Cultural Commerce

Listener 2 September 2000

Keywords: Literature; Social Policy;

This column is written more in sorrow than anger. Hopes were high when the then Leader of the Opposition, Helen Clark, announced that on assuming the premiership she would also take the Arts and Culture ministerial portfolio. The National Government had been squeezing public spending and that, with the appointments it was making, was generating an authoritarian, politically correct, and backward-looking distribution of the limited funds and leadership in the arts and heritage sector. Hopes were exceeded with Clark’s announcement of some $86m funding for the next three years, although much was a catch-up of the deficit arising from the miserliness of the previous government.

Then the HOT (heart of the) Nation report was published. Written by a government appointed group from the cultural sector, its purpose was to give new directions to cultural policy. The government has not adopted the report, and so nothing said in this column about the report reflects on the government (other than, perhaps, the wisdom evidenced by choosing that particular group). What is distressing is what the report says about the state of the leadership of the cultural sector.

One is immediately struck by the report’s language. It defines activities in terms of ‘cultural enterprises’ and ‘cultural industries.’ A large part of the report is devoted to ‘the market’ and ‘investment’. It writes about ‘economic returns’ and ‘value chains’. In places it reads like a business magazine. Sadly the report’s writers have adopted the language and framework of commercialisation.

One had hoped that the Labour prime minister had taken over the portfolio because she wanted to abandon the narrow focus, and the even narrower policy, of treating arts and heritage (and a whole lot of other activities) as if they were businesses, assessed by business performance measures, and run on business principles. The previous government had tried that strategy. It failed. Clark may still be seeking an alternative. If so, her advisers let her down badly. The HOT Nation report is presented in a context of political correctness and some nonsensical economics. Ignore these, and the report is left with a commercialisation framework

It is not simply that one might have hoped for a different leadership from the cultural community, perhaps even generating a framework which could also be applied to other activities where business principles are clearly inadequate and insufficient. More worrying is that the report’s writer has not learned from the experiences of others, almost as though they have not been living in New Zealand over the last two decades. Education, universities and science research went down a similar advocacy path. Previous governments took them at their word and began running the sectors on the commercialist lines that underpinned the advocacy. They are now suffering from constrictive policies which prevent them from doing what they do well and pursuing their fundamental purposes. If the policies which have been imposed on the universities were applied to Oxford, Cambridge, Harvard and MIT, they too would have been remorselessly turned into centres of mediocrity and stress.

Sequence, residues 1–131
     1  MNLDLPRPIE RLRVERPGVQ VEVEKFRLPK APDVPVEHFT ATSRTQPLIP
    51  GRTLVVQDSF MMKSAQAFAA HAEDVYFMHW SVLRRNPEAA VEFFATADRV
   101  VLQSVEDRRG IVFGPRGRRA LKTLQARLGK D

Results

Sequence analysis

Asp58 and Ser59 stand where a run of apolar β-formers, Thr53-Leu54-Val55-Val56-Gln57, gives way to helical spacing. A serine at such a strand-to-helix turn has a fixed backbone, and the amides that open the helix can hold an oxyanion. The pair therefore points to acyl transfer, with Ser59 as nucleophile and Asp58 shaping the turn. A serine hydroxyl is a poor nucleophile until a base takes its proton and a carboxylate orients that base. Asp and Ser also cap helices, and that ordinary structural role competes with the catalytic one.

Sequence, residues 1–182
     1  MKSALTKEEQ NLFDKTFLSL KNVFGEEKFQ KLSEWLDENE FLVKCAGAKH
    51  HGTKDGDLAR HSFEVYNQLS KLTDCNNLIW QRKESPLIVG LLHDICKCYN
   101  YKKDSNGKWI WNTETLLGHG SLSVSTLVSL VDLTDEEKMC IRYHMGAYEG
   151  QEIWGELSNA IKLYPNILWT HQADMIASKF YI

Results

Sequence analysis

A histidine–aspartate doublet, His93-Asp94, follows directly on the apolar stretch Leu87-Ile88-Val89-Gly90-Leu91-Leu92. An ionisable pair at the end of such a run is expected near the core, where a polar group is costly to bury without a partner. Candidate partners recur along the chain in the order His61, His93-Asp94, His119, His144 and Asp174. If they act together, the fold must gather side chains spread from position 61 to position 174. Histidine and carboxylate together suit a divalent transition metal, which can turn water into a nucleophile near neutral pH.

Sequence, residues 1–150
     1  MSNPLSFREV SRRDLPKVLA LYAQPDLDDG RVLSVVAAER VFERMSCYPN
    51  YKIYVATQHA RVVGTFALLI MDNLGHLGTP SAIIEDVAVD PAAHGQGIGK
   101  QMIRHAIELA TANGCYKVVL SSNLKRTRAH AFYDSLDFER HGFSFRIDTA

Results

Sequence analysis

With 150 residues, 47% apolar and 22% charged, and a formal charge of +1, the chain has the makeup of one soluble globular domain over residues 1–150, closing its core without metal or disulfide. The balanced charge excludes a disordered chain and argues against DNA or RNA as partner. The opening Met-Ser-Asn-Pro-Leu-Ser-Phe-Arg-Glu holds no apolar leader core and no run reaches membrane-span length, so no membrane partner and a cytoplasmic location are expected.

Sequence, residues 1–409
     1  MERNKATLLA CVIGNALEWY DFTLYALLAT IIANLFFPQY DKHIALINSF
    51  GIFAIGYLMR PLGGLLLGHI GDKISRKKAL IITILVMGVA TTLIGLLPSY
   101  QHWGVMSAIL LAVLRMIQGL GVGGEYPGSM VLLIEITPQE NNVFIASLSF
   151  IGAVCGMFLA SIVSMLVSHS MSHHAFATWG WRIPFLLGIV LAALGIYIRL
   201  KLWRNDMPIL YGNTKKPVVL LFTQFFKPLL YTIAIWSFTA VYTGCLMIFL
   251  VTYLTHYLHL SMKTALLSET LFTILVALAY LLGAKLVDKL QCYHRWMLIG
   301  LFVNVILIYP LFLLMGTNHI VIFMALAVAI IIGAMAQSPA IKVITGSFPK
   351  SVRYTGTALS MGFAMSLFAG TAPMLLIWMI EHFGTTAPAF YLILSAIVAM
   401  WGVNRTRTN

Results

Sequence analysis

Other sectors – notably health, broadcasting and the core public service have had business principles forced over them too, and suffered in similar ways. One hoped the prime minister secretly wanted to get the arts and heritage activities properly (and non-commercially) functioning, in order to shed some light on how to treat other activities so they do what is required of them, rather than what business principles said they should.

It is not widely known that in 1984 a government taskforce reviewed economic policy. The outcome was the policies of privatisation et al in the private sector and trying to run the public sector like businesses. The taskforce probably did not have education, arts and heritage in mind (although it almost certainly had science, perhaps because its approach was so anti-scientific and it was eliminating opposition). Arts and education suffered from collateral damage as the commercialisation policies were imposed unthinkingly everywhere.

Most ministers probably do not accept commercialisation as underpinning their approach, but policy advice continues to be dominated by it. What else is there to offer as a comprehensive approach? Alternative viewpoints have long been eliminated from the advice loop. There appears to be no similar taskforce established in 2000 to offer an alternative. We have a recipe for tears, although we do not know whether it will be the government, the advisers, the economy or the electorate who will be crying. (I’d bet at least three out of four.)

The HOT Nation report is a gift to a future right wing ideologically driven government. Strip out the political correctness and the bad economics, and one has a framework justifying commercialisation, accelerating the thin nasty authoritarian unimaginative colonial outcomes which the policies of the 1990s were producing. This is not to ignore some sensible and innovative ideas in the report, but they are overwhelmed by the commercialisation framework, and can be quickly discarded in favour of the application of business principles, to be administered by business leaders.

It seems inappropriate to finish with a literary allusion, so I use a metaphor from another part of our heritage: Cultural Community 0 Commercialisers 1 (own goal).